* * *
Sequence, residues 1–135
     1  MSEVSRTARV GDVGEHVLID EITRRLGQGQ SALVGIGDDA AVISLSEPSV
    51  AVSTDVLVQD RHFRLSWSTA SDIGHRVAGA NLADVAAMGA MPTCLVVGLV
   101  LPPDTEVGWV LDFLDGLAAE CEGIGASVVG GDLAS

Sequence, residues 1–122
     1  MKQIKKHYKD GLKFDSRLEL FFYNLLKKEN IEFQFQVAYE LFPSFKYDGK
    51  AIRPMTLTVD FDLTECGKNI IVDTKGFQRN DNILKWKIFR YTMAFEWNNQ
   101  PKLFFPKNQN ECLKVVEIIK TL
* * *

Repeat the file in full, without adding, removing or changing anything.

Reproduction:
Sequence, residues 1–135
     1  MSEVSRTARV GDVGEHVLID EITRRLGQGQ SALVGIGDDA AVISLSEPSV
    51  AVSTDVLVQD RHFRLSWSTA SDIGHRVAGA NLADVAAMGA MPTCLVVGLV
   101  LPPDTEVGWV LDFLDGLAAE CEGIGASVVG GDLAS

Sequence, residues 1–122
     1  MKQIKKHYKD GLKFDSRLEL FFYNLLKKEN IEFQFQVAYE LFPSFKYDGK
    51  AIRPMTLTVD FDLTECGKNI IVDTKGFQRN DNILKWKIFR YTMAFEWNNQ
   101  PKLFFPKNQN ECLKVVEIIK TL